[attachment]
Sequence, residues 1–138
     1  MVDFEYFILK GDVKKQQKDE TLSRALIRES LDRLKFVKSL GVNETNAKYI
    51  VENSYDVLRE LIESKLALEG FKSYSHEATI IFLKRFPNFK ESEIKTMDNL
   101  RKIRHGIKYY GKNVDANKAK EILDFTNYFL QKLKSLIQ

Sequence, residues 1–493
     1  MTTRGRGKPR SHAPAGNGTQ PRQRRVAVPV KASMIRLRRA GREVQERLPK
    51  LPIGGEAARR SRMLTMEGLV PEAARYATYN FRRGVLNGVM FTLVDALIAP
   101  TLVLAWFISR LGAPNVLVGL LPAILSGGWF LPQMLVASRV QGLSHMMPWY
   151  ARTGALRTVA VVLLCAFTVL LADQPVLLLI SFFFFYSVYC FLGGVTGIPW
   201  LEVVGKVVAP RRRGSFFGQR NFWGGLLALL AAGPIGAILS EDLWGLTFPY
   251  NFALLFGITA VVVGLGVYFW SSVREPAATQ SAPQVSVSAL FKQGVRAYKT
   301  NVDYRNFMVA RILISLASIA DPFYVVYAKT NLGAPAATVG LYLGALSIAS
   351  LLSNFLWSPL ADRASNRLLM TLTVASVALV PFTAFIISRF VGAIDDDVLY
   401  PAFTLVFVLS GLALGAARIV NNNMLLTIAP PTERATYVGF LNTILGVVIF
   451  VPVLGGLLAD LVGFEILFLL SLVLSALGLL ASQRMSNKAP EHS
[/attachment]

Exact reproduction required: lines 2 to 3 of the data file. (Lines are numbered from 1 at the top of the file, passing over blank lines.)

     1  MVDFEYFILK GDVKKQQKDE TLSRALIRES LDRLKFVKSL GVNETNAKYI
    51  VENSYDVLRE LIESKLALEG FKSYSHEATI IFLKRFPNFK ESEIKTMDNL